Trump's position on climate change now unclear

2016-12-01 07:15
(Thibault Camus, AP)

(Thibault Camus, AP)

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Washington - Donald Trump plans to dismantle President Barack Obama's efforts to reduce planet-warming carbon emissions. But delivering on his campaign pledges to abolish the Environmental Protection Agency and bring back tens of thousands of long-gone coal mining jobs could prove far more difficult.

Internal documents from the president-elect's transition team show the new administration plans to stop defending the Clean Power Plan and other recent Obama-era environmental regulations that have been the subject of long-running legal challenges filed by Republican-led states and the fossil fuel industry.

Against that potential opposition, environmental groups are gearing up to defend Obama's environmental legacy in court.

Scientific data

"We anticipate challenging every single attempt to roll back regulations on air, water and climate," said Sierra Club executive director Michael Brune, who added that his group is already hiring additional lawyers. Fundraising for environmental causes also has spiked since Trump's victory.

Though Republicans have for years blamed environmental regulations for the decline of coal, data from the US Department of Energy shows the primary cause is the emergence of cheaper, more abundant natural gas from hydraulic fracturing. Another factor is the plummeting cost of solar panels and wind turbines, which now can produce emissions-free electricity cheaper than burning coal.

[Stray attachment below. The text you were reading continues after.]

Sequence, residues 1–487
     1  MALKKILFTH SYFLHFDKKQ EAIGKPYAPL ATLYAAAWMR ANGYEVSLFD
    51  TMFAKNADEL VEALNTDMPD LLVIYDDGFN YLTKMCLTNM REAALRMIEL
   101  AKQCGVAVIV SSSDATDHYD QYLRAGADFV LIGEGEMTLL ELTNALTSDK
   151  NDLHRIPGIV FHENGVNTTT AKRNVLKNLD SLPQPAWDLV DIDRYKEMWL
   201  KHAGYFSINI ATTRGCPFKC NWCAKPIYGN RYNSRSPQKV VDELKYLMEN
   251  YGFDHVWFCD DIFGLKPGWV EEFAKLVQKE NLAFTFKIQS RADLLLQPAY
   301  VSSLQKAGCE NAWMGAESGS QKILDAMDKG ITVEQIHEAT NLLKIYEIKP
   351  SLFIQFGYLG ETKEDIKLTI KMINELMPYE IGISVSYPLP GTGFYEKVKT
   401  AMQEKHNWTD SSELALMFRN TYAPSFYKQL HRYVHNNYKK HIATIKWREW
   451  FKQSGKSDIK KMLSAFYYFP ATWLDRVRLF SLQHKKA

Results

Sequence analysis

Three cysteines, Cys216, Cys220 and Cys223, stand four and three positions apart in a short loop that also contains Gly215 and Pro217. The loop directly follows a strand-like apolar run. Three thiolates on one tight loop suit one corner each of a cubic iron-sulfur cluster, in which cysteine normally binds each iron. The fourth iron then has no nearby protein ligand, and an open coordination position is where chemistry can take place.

Leading Trump's transition team on the EPA is Myron Ebell, director of the Centre for Energy and Environment at the Competitive Enterprise Institute, a libertarian think tank that gets financial support from the fossil fuel industry and that opposes "global-warming alarmism."

Though his academic credentials are in philosophy and political theory, Ebell is an enthusiastic denier of the voluminous scientific data that show the planet is warming and that burning fossil fuels is primarily to blame.

Trump said during the campaign he would "cancel" the Paris agreement to make global reductions in carbon emissions that Obama signed in December.

The agreement was not a treaty and was not approved by the Republican-controlled Senate and legal experts agree that as president Trump would have the authority to walk away. Even without a formal withdrawal, Trump could simply order EPA not to take any action toward meeting the US commitments to reduce greenhouse gas emissions by at least 26% below 2005 levels within the next 10 years.

Human activity

Trump appeared to soften his position in a recent interview with The New York Times, saying he now has an "open mind" about the Paris agreement. He also shifted away from his year-long insistence that climate change is a "hoax," conceding there may be "some connectivity" between human activity and the warming of the planet.

Still, Trump's advisers have suggested he will eliminate NASA's world-class climate research programme, which tracks the warming of the planet, melting Arctic sea ice and rising oceans using an array of purpose-built satellites orbiting the globe.

Read more on:    donald trump  |  climate change

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